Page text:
Inside a formal Washington DC dinner
Inside a formal Washington DC press and
Connie Lawn’s Sixth Kiwi Blog – June
From Connie Lawn in Washington DC
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Image: Charles Sneiderman
I want to take you inside another of these incestuous press and formal dinners we have in Washington, and assure you, you can live your life without them. In past years, I have been able to take several friends to these dinners, and we had a blast! But now, they are more crowded, and more expensive. Gone are the times I could take New Zealand officials and citizen friends to these affairs. But, my guests know who they are –perhaps they can write back with their own memories.
Most of these dinners are not held in the White House, with the exception of the beautiful string of Christmas dinners. We hope the Obamas will continue that tradition.
The other dinners are held in Washington DC hotels –usually the Washington or the Capitol Hilton, or the Ritz Carlton. This latest one, Friday night, was at the new Washington Convention Center. It was hosted by the Radio – TV Correspondents Association, of Capitol Hill. The one five weeks earlier was the White House Correspondents Association. There are also the more exclusive Gridiron and Alfalfa Dinners. And, there are loads of political and arts fund raising events.
In these tight economic times, fewer people are willing to pay the over $200 for a ticket, but the events still manage to sell out. Some of the biggest draws are the hospitality suites, before and after the dinner. There were fewer this year, and the food was less lavish. But, the liquor still flowed, and the conversation was somewhat unguarded. It is always amazing to see political adversaries, as well as members of the press and the people they cover, involved in intense conversation in the crowded suites! In 41 years, I have gotten some of my best stories, and made the most valuable contacts, through these dinners.
As is usually the case, the President is the honored guest, and steals the show! They have joke writers who spend weeks working on the speeches. Occasionally, when there is a major world tragedy, they scrap their jokes and become serious. That did not happen this Friday. But President Obama did end his remarks by praising the professional and citizen journalists who tell the stories of Iran and other parts of the world in crises.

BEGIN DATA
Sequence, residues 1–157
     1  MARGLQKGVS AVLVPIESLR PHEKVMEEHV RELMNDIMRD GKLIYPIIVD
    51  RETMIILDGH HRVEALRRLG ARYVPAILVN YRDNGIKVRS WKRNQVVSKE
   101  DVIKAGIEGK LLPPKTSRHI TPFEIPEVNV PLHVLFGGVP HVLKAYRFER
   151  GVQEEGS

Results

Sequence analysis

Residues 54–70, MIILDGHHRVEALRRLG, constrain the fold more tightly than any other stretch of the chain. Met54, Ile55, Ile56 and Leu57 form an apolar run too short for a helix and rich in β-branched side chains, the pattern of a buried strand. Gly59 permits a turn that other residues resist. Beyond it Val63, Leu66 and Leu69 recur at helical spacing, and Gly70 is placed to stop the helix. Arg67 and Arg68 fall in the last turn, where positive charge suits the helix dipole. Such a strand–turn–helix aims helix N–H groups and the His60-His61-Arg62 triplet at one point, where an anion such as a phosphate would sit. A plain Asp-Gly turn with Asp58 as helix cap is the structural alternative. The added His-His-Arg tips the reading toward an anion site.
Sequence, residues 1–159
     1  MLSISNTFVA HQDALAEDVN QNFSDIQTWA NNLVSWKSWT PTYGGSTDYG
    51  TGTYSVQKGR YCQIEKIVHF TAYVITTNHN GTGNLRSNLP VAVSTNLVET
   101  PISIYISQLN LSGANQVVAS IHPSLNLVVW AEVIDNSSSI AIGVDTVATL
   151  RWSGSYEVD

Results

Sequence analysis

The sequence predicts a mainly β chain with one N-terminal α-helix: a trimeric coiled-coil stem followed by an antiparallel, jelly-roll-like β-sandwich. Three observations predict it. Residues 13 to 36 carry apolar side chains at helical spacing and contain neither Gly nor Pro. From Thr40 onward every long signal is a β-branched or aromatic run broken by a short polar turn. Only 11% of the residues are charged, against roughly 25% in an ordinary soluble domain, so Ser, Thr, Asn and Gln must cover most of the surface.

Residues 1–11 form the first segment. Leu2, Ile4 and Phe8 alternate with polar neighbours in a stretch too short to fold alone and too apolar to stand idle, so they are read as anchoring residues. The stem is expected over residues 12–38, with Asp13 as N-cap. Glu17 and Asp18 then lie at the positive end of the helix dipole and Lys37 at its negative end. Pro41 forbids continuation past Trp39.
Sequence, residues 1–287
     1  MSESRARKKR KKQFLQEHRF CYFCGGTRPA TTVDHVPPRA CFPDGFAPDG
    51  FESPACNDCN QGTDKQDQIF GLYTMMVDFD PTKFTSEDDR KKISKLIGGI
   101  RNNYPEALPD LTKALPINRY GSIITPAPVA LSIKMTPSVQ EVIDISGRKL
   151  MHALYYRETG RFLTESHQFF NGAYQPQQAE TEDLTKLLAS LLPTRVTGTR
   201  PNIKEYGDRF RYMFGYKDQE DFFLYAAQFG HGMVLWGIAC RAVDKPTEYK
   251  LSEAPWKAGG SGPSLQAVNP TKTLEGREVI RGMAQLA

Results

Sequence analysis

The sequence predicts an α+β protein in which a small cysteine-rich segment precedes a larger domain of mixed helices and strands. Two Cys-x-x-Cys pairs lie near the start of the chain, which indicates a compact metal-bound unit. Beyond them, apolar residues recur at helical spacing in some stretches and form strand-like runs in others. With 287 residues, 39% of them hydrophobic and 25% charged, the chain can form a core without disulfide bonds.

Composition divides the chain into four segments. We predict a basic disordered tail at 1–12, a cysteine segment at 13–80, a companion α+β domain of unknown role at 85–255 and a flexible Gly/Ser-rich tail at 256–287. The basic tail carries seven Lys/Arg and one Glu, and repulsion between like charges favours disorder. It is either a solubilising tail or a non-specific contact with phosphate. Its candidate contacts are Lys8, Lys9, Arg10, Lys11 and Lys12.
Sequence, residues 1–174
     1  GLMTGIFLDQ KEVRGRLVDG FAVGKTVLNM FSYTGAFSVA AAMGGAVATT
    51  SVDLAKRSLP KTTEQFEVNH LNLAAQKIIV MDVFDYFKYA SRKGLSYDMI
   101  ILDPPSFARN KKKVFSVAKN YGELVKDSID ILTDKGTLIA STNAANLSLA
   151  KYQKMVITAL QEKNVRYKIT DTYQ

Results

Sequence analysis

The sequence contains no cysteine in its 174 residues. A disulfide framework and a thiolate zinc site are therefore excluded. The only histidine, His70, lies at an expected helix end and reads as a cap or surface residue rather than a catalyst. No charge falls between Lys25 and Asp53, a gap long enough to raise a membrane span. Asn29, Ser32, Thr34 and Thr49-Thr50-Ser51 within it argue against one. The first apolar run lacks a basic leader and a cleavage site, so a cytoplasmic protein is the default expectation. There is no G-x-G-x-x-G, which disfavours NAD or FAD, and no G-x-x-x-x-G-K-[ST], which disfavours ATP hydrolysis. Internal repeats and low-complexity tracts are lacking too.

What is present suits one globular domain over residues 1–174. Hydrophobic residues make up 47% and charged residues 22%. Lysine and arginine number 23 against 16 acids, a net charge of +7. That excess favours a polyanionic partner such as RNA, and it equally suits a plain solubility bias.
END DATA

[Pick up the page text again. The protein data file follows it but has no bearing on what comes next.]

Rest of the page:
At the dinners, there are also paid entertainers. They are usually overpriced and do a terrible job. I have argued against them for years, saying the money we spend on them can be converted to journalism scholarships and awards.
Awards are given for journalistic excellence in a number of categories. And, scholarships are awarded for those who still want to work in journalism, even in these tough times. Sadly, the guests in the audience often talk or walk around during the serious parts of the program, and ignore the events at the podium. It is much better to watch re-runs on cable t.v or the internet, to see what happened. President Obamas speech is still replayed on White House.gov. And the latest comic parody, known as JibJab.com, was unveiled at the dinner, and can be clicked onto anytime.
There is a big difference between the White House Correspondents Dinner, held in May, and the Congressional one of Friday night. There are a host of B list actors and “celebrities” at the White House one. Tourists gawk and scream at those walking down a red carpet – really out of character for the nations capitol. Because there are so many “celebrities,” the event is too crowded and harder to attend. The Congressional one had more lawmakers and members of the government, along with the press. That is how it should be – it was fun, but was also a more serious event. Perhaps if this trend continues in the future, I will again be able to invite more New Zealand friends to a White House Correspondents Dinner. This is Connie Lawn, in Washington
Connie Lawn has a passionate love for NZ. She worked for Radio New Zealand for 20 years, and then for Radio Live for a few years. Connie has covered the White House and the world since 1968. Her other passion is skiing, and she calls herself "the skiing White House reporter." Her ski stories are on dcski.com and other outlets. Connie is also heard on thousands of radio stations, but firmly believes the internet is the future. She can be reached at firstname.lastname@example.org